How Much Does a Student Loan Really Cost?
- Federal student loans come with origination fees, but many private loans do not.
- There are several different types of interest, and each affects the overall cost of your loan.
- Interest can easily add thousands of dollars to your debt.
- Beware of other added fees, which can add up, and be careful not to miss payments. The longer you’re in debt, the more expensive your debt is likely to be.
To accurately compare student loan options, you need to know the costs associated with borrowing the money. For example, a federal student loan may offer more repayment options, but federal loans charge an extra fee that many private loans don’t.
Here are the most important terms that determine what a student loan costs:
Subsidized and unsubsidized federal student loans issued directly to students have origination fees that are around 1 percent of the loan amount. Federal PLUS loans issued to parents and graduate students have origination fees of around 4 percent of the loan amount. On a $4,000 loan, you’d owe an extra $40 with a 1 percent origination fee or $120 with a 4 percent origination fee.
Because of origination fees on federal student loans, you may want to use the Repayment Estimator Calculator to calculate the cost of federal student loans. This calculator will factor in the extra cost to borrow the money.
Interest rates are essentially what the lender charges you to borrow the money, and they come with both federal and private student loans. Interest usually starts accruing as soon as you receive the money, even if you don’t have to start repayment until after you graduate. That means your loans can grow to more than what you originally borrowed.
For instance, say the annual interest rate on a $5,000 loan is 4 percent. If you paid back the money in just one year, you’d pay about $200 in interest.
Interest is typically the most expensive part of borrowing money, but you will generally pay less in interest if you borrow the loan for a shorter period. Thus, repaying debt in 10 years should be cheaper than repaying it over 20 years.
There are different types of interest that can be applied to your student loan, including:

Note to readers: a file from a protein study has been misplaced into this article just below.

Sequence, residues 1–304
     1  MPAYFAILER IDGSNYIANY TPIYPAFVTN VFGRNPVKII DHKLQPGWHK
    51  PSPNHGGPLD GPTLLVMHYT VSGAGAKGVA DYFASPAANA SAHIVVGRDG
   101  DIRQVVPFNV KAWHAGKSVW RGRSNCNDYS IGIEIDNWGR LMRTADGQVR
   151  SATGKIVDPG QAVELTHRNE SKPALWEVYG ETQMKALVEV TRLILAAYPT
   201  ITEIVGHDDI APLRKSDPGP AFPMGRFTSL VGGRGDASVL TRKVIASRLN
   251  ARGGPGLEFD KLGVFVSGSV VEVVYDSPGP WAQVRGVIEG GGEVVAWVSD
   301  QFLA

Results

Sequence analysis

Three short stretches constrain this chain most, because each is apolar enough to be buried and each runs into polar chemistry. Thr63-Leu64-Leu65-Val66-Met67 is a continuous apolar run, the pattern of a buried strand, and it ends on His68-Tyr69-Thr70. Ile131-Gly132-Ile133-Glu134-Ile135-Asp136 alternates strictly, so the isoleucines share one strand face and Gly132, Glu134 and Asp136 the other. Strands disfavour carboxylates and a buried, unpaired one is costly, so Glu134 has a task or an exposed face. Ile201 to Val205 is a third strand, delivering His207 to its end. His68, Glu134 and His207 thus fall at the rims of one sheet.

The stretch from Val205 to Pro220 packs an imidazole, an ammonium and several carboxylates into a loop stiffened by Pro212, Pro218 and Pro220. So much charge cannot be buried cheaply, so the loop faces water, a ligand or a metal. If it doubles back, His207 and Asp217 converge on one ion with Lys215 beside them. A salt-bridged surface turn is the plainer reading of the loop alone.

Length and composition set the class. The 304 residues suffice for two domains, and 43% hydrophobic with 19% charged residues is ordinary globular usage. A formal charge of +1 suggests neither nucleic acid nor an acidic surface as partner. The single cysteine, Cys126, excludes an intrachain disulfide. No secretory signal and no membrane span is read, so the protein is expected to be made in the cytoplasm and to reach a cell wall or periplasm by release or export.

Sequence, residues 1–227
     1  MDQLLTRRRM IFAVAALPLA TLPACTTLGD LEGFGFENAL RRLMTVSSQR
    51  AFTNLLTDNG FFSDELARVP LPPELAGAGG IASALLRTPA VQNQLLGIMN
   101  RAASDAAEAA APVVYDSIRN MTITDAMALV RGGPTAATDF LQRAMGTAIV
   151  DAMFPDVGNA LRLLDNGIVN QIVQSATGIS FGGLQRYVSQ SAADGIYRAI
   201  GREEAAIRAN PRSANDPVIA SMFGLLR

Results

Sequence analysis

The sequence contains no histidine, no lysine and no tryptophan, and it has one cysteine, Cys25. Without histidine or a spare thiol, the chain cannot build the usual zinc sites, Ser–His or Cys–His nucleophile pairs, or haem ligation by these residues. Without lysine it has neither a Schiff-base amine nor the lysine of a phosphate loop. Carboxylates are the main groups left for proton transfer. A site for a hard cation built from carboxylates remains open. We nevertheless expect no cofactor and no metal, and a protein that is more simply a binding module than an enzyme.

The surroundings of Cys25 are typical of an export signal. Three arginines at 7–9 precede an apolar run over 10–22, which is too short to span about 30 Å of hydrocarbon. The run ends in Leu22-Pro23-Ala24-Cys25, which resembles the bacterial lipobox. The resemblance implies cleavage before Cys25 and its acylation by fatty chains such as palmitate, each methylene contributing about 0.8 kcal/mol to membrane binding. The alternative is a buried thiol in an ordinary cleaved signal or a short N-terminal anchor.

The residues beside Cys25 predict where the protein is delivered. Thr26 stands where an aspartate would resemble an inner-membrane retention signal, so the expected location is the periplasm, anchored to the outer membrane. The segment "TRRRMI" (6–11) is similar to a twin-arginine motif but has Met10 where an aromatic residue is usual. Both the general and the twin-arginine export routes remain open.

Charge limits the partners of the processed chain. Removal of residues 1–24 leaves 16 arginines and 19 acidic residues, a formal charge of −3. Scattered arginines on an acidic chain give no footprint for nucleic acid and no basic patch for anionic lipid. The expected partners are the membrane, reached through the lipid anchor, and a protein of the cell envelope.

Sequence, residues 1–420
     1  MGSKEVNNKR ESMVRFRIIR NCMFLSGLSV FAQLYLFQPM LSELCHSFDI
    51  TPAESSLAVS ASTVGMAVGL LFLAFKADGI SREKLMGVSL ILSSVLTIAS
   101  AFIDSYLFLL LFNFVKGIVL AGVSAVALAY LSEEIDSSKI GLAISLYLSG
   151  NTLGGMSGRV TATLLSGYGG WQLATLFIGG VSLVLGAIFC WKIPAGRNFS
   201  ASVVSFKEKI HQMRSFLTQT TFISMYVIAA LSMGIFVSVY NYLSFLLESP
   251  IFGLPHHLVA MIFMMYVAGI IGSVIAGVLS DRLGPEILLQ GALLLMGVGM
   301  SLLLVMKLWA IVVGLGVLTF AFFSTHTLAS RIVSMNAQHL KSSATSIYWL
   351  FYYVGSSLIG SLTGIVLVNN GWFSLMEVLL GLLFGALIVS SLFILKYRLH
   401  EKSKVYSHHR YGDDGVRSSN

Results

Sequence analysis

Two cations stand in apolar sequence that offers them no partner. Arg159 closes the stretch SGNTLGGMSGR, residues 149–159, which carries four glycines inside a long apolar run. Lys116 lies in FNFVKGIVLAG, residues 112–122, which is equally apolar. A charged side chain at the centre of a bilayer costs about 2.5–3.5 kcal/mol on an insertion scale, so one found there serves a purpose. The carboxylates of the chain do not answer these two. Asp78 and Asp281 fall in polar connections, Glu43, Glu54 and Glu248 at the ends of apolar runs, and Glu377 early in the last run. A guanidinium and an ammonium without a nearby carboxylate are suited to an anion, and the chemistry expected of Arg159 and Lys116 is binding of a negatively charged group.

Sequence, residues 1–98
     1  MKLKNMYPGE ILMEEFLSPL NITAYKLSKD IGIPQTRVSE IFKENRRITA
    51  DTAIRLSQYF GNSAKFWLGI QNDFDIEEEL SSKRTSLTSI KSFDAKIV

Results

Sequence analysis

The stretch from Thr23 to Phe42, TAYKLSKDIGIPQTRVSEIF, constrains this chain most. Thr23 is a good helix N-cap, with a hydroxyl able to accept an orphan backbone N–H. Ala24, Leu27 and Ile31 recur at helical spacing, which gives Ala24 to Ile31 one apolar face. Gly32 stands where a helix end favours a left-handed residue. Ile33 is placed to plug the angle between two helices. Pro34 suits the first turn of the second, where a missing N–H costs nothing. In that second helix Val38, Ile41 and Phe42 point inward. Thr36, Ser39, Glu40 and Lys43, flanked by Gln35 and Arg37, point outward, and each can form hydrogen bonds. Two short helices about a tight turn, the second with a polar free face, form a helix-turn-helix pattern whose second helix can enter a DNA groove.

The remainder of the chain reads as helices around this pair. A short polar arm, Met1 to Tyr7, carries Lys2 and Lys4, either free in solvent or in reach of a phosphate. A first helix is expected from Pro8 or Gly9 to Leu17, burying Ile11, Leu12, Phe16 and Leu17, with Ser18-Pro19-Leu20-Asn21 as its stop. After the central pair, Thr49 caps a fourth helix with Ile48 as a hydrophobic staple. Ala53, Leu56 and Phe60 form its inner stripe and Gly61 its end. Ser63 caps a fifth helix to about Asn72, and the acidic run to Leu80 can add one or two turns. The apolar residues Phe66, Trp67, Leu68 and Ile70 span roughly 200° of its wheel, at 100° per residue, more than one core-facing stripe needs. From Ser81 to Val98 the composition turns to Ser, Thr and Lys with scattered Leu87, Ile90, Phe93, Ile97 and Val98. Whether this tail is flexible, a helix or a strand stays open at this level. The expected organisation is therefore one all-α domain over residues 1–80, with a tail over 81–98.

Subsidized federal student loans are generally the only loans for which you get a break from interest. If you are approved for this type of educational loan, you don’t have to pay interest when you are in school with at least a half-time status or during other allowed payment breaks such as military service. Approval for subsidized federal loans is based on your financial need.
Capitalized interest is a term used when you are charged interest on interest. This generally happens when you enter repayment or after a period of deferment.
For instance, let’s say your loan was for $4,000 and you accumulated $480 in interest while in college before your first payment. Your loan servicer will add the $480 to your loan balance for a total of $4,480, and that $480 now accrues interest in the same way the rest of your loan does.
Variable vs. Fixed Interest Rates
Most student loans have fixed interest rates, where the interest rate never changes (all federal loans come with this type of interest). But private lenders also offer variable interest rates, where your interest can change periodically based on certain economic indicators.
The variable rates you’re offered when you first apply are often lower than fixed rates, but they come with an added risk — your interest rate could increase significantly over a 10-year period, which is how long many borrowers take to repay their loans.
If you choose a variable-rate private student loan, make sure it’s because you can pay back the loan within three to five years. Otherwise, the interest rate could rise dramatically and your debt would be a lot more expensive than you planned.
How Interest Adds Up
Wondering how much interest you’ll pay over the life of your loan? Here’s a simplified look at how your interest can add up while you’re in school and even after you start repayment.
Say you borrowed $30,000 during your freshman year with a 4 percent interest rate. During your four years of school (plus your six-month grace period after graduation), your loans will have accrued roughly $5,400. That means that once you start repayment, your loan has grown to $35,400.
Now, you plan to pay off your loan in 10 years. Your monthly bill will be about $360, but since you’re still accruing interest during this time, the total amount you’ll pay in 10 years is about $42,925.
So how much did that $30,000 loan cost you in interest? A whopping $12,925!
This is why the interest rate on your loan is so important. Though a 4 percent rate sounds like a small number, that cost can majorly add up over a decade or more of repayment.
Other Student Loan Costs to Consider
Though interest and origination fees are likely the largest costs you’ll face when it comes to education debt, other charges may be levied over the life of your loan. Added fees are common, such as application fees, late fees, or returned payment fees. Though these are often small, they can add up — not to mention the fact that missing payments will keep you in debt (and accruing interest) longer.
The same goes for deferring your debt, which is when you can temporarily pause payments for certain reasons. While it can be nice to get a break on your debt for a while, factor in the added costs of nonpayment during these times. Not paying your debt for six months could add hundreds in interest costs, depending on your loan.